Switch Your Focus

Training is not a continuous upward trajectory in a straight line. If you only swim 3 hours a week, you’re not going to have $100 to deposit every time you hit the water.

That is ok! Take the SSSD’s in your stride.

Switch your focus to effort and maintain your intensity. Put forward the best effort you can, today. Deposit whatever you have to offer. Over the long run, with time and consistency, you will be richer and fitter because of it!

Having a few too many slow sucky swim days? Leave me a comment on what’s happening each time you swim.
~ Rory

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5 thoughts on “How To Deal With A Bad Swim Workout”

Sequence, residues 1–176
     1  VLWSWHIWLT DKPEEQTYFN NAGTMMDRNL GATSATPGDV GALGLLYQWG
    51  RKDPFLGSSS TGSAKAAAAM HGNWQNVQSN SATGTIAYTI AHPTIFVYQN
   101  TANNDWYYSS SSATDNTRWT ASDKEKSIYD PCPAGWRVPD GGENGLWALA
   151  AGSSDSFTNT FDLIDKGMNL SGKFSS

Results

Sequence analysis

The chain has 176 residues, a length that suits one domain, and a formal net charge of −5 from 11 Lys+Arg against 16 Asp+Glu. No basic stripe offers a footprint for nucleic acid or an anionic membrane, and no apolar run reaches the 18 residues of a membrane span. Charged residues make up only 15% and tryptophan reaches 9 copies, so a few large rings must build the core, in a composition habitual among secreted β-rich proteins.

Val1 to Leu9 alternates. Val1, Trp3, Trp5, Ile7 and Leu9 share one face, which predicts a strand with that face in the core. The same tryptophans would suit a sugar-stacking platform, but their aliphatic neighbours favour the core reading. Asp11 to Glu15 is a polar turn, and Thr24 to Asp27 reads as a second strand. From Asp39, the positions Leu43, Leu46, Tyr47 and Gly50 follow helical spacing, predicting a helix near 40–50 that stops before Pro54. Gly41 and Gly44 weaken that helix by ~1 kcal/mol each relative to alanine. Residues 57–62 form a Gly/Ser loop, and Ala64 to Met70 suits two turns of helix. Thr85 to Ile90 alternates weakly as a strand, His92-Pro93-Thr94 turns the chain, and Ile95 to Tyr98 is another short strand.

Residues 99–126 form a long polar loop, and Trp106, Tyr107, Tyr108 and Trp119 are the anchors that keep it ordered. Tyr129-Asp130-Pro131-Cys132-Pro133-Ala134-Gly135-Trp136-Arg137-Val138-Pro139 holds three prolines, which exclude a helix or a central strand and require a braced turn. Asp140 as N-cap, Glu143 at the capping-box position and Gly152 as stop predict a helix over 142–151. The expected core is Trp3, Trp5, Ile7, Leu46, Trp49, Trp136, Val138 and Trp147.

1. Thanks, Rory! I’m three weeks in learning to swim (properly) for the first time, so this is really helpful. So far I think I’ve quasi-accidentally felt actual balance, alignment, and propulsion all at once for a couple of strokes in a row and was surprised at the feeling! Loved it! Thanks for all the amazing resources here. I’ve printed out the swim for Tri guide and bring it to the pool with me 🙂 Back to the balance drills…

    1. Hey Genevieve! That’s awesome to hear – glad you’ve found things to help you! Keep working on one piece at a time and your “quasi-accidental” encounters will become far more regular and consistent! Anything specific comes up that you need help with, shoot me an email!
      ~ Rory